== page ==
The next phase will begin soon in Lafayette’s development of new facilities for programs in theater and film & media studies at the Williams Arts Campus.
The College plans to demolish buildings that formerly housed Case’s Tire, at the corner of North Third and Snyder Streets, within the next few weeks. Original plans called for this collection of buildings to be rehabilitated, but floodplain requirements, structural conditions, and geotechnical considerations led the College to propose a new building at this site.
Facilities in the new building will include a black box theater, film screening room, box office, photo-editing studio, scene shop, costume shop, and support spaces. They are expected to be open for use in the fall of 2015 or spring of 2016.
Following demolition of the Case’s buildings, geotechnical studies will be conducted on the ground where they now stand. Then the design of the new building will be completed. Construction is scheduled to begin this summer.
The College announced last summer that the black box theater will be named for former Lafayette president Daniel H. Weiss and his wife, Sandra Jarva Weiss, thanks to a donation by the Board of Trustees honoring the couple’s eight years of service to the College and community.
Work is already under way on a major transformation of the interior of the former Mohican building, across North Third Street from the former Case’s property, into a television/video production studio, theater rehearsal studio, smart classrooms, faculty offices, and student gathering spaces. That work is scheduled to be completed this summer.
The arts campus project reflects Lafayette’s commitment to make programs in the creative arts an essential feature of the College and ensure that they are known for their outstanding quality, presence, and relevance to both the campus and larger community. It also advances the collaborative efforts of Lafayette and Easton to improve a highly traveled and visible entranceway to the College, the city, and the commonwealth.
The arts campus also includes the Williams Visual Arts Building and the Ahart Family Arts Plaza.
The College opened the visual arts building in 2001 as its first step in revitalizing the downtown gateway area. The facility serves both the College and the community. Home to the College’s studio art program, it includes painting, sculpture, and drawing studios. It also houses Lafayette’s Community-Based Teaching Program and the Grossman Gallery, where exhibitions by visiting artists, Lafayette faculty and students, high school students, and regional artists are complemented by lectures, panel discussions, publications, and workshops.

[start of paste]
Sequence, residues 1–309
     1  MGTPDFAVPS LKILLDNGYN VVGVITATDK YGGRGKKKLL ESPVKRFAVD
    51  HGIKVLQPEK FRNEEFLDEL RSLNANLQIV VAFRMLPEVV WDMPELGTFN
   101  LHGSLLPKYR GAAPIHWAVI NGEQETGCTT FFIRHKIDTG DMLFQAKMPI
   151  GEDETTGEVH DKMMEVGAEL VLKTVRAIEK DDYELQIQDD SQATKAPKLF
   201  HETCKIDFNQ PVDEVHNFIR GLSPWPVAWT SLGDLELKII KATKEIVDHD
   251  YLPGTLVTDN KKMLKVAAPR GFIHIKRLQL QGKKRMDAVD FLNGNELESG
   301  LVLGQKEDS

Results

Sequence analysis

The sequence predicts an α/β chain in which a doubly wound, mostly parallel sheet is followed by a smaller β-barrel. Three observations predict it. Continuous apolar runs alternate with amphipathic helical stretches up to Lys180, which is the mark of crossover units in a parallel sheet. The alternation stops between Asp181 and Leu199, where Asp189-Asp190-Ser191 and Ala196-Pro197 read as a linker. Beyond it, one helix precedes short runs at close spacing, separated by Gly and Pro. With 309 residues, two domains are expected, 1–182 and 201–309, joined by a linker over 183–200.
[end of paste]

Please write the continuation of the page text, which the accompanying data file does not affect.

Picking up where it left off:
The open-air arts plaza opened in 2010. Spanning the Bushkill Creek, it’s a flexible venue for art exhibits, performances, receptions, and other gatherings. It was selected to be featured in the Prague Quadrennial of Performance Design and Space, a premier international exhibition showcasing innovative projects from around the world. It also received a Commercial Real Estate Development Award from Greater Lehigh Valley Chamber of Commerce in 2012 and a design award from the Pennsylvania Chapter of the American Institute of Architects in 2013.
Last June, the College dedicated the arts plaza in honor of Ed Ahart ’69, chair of the Board of Trustees, and his wife, Catherine Ahart P’97’03, in recognition of their commitment to the development of the Williams Arts Campus and in tribute to the family’s devotion to the College.
The Williams Arts Campus project is made possible by a $10 million lead gift from the Morris R. Williams ’22 family. During their lifetimes, the late Morris Williams and his wife, Josephine Chidsey Williams, provided the funding for Lafayette’s Williams Center for the Arts, which opened in 1983. Natives of Easton, they were long-time supporters of civic and cultural life in the city. Their children, Charles K. Williams II and Joan Williams Rhame, an emerita trustee, provided major support for the Williams Visual Arts Building.